You’ve heard that your resume should be more than a list of responsibilities -- it's a story that explains why you’d be great for the job you’re applying for. But a lot of our clients struggle with what belongs in that story, especially when they're trying to convey results and accomplishments. Should you craft a bullet point about the time you saved the production $25K by switching to off-brand snacks for crafty? What about the new spreadsheet you designed to make reporting more effective, because your boss was using post-its to track everything instead of Excel? Is it relevant that you rolled calls for three bosses, one of whom had a serious temper? How much information is too much information?
We often see candidates make the mistake of listing their key skills and illustrating them with overly specific highlights like the detailed anecdotes above. Doing so often makes your resume harder for a hiring manager to parse through and may feel redundant. You'd do best to save some of this more nuanced information for the interview.
On your resume, you should focus on the big picture -- what are the key takeaways that will match the skills listed in the job posting? In the above examples, you might say “Managed production budgets and implemented cost-saving solutions,” “Created new tracking system,” or "Supported three executives." Or you can take it a step further by including top-level results: "Implemented cost-saving solutions that saved $25K." Alternatively, you may want to add a little more context about how you did something: "Created new system for tracking project submissions using Excel." But you'd want to avoid: "Converted supervisor's post-it reminder system into an Excel submissions tracking system to increase departmental efficiency." See the difference? Don't make a mountain out of a molehill. It's a waste of valuable resume space and makes you sound silly.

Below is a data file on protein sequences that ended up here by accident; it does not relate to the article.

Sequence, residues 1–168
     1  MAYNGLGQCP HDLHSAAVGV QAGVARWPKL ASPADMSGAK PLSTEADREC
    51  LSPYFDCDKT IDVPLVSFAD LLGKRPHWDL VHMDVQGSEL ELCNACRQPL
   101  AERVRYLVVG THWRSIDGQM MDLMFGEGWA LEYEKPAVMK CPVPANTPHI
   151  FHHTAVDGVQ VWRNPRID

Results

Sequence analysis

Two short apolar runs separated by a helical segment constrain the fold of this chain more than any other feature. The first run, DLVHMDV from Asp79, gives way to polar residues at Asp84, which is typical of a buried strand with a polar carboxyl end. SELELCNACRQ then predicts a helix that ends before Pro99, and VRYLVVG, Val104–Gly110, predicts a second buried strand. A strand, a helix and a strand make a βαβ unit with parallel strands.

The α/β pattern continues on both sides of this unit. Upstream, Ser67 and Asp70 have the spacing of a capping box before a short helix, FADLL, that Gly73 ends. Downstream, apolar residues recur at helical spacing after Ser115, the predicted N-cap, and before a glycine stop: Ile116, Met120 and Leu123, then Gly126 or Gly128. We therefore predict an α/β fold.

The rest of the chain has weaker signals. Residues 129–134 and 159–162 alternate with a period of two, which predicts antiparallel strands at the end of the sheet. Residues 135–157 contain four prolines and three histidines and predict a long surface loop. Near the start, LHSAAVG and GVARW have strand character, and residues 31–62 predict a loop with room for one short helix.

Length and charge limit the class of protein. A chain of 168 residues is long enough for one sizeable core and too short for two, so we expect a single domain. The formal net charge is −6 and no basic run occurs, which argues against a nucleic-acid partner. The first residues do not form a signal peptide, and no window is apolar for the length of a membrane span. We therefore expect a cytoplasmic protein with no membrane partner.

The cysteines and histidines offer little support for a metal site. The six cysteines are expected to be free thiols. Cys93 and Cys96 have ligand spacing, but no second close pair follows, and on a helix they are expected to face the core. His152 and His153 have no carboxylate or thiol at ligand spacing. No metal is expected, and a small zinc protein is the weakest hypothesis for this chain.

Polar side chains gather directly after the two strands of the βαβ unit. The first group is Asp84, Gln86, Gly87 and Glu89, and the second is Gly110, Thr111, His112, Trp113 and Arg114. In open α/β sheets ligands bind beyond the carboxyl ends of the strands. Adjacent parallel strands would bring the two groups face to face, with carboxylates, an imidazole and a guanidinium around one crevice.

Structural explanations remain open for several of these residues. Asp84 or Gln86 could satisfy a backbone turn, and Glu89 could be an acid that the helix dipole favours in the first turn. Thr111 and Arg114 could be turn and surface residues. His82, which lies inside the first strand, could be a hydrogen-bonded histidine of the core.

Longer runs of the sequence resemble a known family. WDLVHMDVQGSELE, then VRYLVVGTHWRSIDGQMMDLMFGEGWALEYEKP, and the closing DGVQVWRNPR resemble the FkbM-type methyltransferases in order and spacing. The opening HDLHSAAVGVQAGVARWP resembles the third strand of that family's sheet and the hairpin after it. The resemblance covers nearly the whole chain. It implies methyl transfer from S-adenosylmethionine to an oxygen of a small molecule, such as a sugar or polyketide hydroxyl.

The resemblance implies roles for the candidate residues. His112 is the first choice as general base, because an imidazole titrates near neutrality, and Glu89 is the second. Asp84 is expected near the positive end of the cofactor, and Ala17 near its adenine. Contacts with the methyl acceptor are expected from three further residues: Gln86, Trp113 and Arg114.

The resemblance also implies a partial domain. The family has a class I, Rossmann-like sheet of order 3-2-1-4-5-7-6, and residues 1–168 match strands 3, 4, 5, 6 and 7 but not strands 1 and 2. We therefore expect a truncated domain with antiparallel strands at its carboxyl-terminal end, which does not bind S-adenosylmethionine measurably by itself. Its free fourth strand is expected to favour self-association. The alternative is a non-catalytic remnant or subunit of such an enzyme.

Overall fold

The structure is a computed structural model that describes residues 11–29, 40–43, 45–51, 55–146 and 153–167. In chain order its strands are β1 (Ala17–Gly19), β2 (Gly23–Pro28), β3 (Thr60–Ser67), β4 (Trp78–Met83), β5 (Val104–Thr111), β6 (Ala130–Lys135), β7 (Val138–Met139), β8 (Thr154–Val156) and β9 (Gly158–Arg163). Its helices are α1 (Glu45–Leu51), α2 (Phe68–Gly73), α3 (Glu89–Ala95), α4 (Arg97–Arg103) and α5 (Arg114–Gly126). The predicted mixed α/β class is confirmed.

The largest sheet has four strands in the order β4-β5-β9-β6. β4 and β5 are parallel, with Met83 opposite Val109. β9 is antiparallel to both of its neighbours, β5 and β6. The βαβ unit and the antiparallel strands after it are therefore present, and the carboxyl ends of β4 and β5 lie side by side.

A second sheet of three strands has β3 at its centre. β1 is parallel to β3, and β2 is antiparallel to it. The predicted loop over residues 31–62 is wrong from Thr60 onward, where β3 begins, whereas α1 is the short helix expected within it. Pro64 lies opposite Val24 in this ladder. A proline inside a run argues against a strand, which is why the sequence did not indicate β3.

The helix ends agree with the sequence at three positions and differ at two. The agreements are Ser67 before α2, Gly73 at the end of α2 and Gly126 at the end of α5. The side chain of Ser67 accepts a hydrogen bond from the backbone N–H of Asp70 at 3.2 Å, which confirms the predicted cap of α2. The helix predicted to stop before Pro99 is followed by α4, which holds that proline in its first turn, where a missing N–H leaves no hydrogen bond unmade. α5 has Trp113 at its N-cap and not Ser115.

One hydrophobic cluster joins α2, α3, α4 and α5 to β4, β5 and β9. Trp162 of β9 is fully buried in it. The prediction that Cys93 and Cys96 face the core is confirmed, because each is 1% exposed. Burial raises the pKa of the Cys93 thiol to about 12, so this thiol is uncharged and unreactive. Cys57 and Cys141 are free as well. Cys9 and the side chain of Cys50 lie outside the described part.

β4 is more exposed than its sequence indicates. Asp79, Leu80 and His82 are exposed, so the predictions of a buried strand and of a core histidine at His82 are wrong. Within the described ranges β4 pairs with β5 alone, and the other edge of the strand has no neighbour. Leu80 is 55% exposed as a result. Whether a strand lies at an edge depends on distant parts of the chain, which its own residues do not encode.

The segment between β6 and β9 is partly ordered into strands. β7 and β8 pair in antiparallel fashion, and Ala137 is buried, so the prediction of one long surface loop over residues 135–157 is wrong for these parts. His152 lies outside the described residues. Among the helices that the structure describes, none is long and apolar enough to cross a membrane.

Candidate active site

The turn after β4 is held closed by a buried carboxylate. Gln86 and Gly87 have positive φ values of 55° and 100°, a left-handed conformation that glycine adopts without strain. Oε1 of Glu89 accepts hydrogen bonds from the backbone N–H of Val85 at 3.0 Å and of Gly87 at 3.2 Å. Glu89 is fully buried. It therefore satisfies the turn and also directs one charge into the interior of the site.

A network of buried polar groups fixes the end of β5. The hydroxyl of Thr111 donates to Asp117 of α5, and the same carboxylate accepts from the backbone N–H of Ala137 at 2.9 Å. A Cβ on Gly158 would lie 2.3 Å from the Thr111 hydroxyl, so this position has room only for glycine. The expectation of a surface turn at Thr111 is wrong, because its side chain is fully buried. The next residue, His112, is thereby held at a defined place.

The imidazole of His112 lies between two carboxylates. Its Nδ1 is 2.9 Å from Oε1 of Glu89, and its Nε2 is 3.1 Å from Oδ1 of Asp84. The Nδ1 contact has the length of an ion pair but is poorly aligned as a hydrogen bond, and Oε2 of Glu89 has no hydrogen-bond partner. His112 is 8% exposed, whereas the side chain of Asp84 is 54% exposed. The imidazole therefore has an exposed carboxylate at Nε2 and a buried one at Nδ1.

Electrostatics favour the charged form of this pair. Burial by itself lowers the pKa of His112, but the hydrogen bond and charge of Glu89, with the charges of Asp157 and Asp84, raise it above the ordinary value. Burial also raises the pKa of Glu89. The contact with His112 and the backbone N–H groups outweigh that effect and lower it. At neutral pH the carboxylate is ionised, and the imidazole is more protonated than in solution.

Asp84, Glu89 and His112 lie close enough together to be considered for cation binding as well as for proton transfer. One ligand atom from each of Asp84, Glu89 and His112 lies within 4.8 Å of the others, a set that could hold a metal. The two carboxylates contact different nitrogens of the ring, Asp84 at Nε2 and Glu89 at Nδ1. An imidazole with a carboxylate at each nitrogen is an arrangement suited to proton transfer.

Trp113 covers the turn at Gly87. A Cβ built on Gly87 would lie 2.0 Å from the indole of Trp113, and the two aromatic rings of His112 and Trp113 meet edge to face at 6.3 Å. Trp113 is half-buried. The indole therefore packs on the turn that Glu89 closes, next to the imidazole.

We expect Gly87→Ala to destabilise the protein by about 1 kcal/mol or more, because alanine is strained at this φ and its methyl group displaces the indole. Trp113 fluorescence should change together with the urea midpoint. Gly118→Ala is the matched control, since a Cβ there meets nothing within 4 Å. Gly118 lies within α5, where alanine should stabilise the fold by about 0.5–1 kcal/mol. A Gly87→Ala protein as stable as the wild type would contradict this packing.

But don't discount all of these great stories and accomplishments -- even if they don't belong on your resume, they're still very important! Save them for the interview. When you're asked about an achievement you’re particularly proud of, your biggest strengths, or how you managed a challenging situation, use these anecdotes as examples to bolster your argument.
It can be frustrating to look at your resume and not see the full picture of who you are as a worker. No one wants to be boiled down to a one-page document that relies on bullet points and white space! But it’s important to remember that your resume is step 1 of your job application. You can supplement it somewhat with a cover letter, but the real moment to shine is the interview. Your resume should be simple, concise, and effectively communicate that you would succeed at the job you're applying for -- the last thing you want is for a hiring manager to get overwhelmed by the details and miss the bigger picture of your capabilities.
-- Angela Silak & Cindy Kaplan